I found this one on a Harvard graduate level exam:

http://img206.imageshack.us/img206/9027/toughqj9.png

Any clues?

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- Dec 27th 2008, 11:37 AMRedBarchettaTougher Integral
I found this one on a Harvard graduate level exam:

http://img206.imageshack.us/img206/9027/toughqj9.png

Any clues? - Dec 27th 2008, 11:48 AMJester
- Dec 28th 2008, 01:05 AMpberardi
Could someone kindly do this improper integral? It has been a while since I have done it, I am very interested in seeing the solution, and would appreciate a proper refresher. Pun intended. (Nerd)

- Dec 28th 2008, 02:44 AMIsomorphism
- Dec 28th 2008, 03:05 AMProve It
- Dec 28th 2008, 07:13 AMJester
- Dec 28th 2008, 10:24 AMpberardi
Mr. Red,

Would you mind revealing in what class you saw this problem? I am just curious which classes at the graduate level test students on their calculus abilities. Also, was this already set up or was it part of a word problem? Any more information on this would be very interesting.

Thanks. - Dec 28th 2008, 02:27 PMMathstud28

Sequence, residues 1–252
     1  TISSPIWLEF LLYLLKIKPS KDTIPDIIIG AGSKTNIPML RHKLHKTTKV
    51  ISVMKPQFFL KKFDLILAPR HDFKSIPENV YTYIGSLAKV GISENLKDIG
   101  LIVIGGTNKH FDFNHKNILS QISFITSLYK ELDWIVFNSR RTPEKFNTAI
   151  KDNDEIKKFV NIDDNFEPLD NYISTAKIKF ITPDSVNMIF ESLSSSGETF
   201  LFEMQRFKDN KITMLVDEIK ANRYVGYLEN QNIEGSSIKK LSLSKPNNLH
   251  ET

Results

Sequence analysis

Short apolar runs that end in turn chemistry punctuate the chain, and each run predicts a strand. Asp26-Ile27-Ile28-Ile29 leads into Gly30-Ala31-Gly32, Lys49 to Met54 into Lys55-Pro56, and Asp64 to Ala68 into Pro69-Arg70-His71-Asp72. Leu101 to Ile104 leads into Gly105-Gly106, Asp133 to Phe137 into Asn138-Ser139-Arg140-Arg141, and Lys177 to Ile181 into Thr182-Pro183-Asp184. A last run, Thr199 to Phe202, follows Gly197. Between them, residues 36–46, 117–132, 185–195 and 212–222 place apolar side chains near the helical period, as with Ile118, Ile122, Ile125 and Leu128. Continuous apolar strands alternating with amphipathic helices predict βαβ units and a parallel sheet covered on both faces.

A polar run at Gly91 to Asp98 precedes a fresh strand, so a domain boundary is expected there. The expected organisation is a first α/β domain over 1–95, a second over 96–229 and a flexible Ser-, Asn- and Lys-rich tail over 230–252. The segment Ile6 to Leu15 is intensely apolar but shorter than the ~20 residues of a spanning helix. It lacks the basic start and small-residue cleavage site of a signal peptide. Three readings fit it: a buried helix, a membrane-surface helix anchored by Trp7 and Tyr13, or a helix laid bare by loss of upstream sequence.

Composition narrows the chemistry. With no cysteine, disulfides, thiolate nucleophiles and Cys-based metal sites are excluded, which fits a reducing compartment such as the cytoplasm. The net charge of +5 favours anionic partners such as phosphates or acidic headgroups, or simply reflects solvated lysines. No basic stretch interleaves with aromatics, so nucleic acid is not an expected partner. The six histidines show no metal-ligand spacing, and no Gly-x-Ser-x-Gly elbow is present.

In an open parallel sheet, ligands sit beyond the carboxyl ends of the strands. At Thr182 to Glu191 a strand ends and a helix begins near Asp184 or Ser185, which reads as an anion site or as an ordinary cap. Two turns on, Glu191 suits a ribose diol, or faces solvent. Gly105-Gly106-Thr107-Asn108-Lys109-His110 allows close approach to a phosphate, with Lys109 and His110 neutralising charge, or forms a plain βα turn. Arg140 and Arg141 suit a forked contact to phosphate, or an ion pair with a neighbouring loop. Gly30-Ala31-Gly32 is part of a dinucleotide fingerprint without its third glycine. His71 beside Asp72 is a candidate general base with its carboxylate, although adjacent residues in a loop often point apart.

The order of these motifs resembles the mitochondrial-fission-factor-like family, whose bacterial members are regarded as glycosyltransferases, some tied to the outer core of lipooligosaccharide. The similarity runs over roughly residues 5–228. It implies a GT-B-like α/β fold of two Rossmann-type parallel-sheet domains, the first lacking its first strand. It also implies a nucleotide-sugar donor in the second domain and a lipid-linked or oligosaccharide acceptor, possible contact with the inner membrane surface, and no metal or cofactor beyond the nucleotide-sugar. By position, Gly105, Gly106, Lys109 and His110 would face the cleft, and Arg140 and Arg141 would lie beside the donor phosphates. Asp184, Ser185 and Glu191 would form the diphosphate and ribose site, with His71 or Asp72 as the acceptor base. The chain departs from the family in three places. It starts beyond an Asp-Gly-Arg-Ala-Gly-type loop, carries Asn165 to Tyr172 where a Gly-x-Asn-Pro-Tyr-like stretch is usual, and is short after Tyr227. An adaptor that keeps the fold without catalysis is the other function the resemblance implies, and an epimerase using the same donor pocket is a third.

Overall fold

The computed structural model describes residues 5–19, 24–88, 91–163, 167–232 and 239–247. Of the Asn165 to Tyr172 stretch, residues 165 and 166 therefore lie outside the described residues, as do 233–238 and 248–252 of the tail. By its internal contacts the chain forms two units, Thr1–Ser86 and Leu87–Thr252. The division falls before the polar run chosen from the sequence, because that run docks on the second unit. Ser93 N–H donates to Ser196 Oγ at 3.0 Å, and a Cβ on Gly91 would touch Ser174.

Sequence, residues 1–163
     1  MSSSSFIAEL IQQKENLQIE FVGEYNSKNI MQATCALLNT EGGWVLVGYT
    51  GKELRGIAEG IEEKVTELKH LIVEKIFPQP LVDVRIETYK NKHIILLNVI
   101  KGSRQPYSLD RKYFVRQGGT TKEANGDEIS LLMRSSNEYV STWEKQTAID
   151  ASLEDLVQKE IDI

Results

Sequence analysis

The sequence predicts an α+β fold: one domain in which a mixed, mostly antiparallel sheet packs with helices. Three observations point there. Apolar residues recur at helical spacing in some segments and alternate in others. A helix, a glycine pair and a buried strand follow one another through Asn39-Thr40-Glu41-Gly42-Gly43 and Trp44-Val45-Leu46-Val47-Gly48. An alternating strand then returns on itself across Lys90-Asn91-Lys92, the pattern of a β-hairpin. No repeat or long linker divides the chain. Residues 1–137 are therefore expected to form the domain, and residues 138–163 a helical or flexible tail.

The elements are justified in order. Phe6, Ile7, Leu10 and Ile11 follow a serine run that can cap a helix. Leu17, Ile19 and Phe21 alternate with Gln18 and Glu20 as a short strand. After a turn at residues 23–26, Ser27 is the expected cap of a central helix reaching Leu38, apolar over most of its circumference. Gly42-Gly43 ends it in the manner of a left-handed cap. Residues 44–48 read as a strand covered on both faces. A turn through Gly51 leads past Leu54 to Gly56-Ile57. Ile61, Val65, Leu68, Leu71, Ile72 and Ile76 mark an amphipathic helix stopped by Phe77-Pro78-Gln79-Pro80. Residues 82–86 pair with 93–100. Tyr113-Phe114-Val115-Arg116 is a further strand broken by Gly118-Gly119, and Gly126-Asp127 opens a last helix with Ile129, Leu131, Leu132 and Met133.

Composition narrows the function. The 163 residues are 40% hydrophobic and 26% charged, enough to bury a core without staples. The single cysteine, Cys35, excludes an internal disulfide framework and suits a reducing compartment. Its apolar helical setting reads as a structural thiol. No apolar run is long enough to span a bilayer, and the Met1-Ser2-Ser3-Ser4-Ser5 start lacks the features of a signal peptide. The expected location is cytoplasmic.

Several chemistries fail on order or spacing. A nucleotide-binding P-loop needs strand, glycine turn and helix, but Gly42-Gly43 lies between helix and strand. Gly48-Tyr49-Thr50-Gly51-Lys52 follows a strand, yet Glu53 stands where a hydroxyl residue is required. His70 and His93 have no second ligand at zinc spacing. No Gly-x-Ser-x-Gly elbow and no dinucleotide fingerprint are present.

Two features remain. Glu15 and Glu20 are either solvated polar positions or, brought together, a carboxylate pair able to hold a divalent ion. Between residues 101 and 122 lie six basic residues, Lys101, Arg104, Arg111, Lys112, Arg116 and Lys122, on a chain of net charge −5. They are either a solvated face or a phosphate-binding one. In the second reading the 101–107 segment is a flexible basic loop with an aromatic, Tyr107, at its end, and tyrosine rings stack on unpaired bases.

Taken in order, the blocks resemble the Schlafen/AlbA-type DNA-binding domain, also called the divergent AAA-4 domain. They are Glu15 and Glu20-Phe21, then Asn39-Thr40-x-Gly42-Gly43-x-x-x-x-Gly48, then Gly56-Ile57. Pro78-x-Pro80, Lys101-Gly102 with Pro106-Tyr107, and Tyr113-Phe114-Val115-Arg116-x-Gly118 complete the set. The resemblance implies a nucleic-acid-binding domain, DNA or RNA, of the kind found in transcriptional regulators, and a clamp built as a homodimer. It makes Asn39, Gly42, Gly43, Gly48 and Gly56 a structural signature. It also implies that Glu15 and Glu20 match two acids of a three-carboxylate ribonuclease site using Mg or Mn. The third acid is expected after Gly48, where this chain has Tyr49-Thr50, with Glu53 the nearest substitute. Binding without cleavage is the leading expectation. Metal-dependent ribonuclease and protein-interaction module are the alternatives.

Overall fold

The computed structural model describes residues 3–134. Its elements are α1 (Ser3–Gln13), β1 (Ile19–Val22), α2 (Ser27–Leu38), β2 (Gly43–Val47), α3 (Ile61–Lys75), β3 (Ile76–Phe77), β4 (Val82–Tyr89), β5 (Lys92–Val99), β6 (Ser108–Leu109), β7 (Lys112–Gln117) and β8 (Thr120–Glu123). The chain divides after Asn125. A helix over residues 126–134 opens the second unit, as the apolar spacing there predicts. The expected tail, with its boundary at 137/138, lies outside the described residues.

- Dec 28th 2008, 02:45 PMThePerfectHacker
- Dec 28th 2008, 03:48 PMduydaniel
Sorry, I don't know how to write it in proper format.

Here is what I did:

The function should have the following form:

A/(x^2+1) + B/(X^2+4)

then let A = 1 => solve for B:

=> B = -4/(x^2+1)

substitute B back into the function

=> we have something like:

1/(x^2+1) - 4/[(x^2+4)*(x^2+1)]

The second integral need to split up again (Lipssealed). My question is how do you know a proper way to decompose it (as you did)?

Thank you. - Dec 28th 2008, 04:01 PMKrizalid
Note that hence, no partial fractions method involved.

- Dec 29th 2008, 04:04 AMHallsofIvy
That's "partial fractions" and you typically learn it in "Calculus II", a Freshman or Sophomore class (unless you learned calculus in secondary school). I see now that Krizalid did not need partial fractions because he was able to do the fractions easily- he's sharper than I am!

- Dec 29th 2008, 08:15 AMJester
- Dec 29th 2008, 08:36 AMduydaniel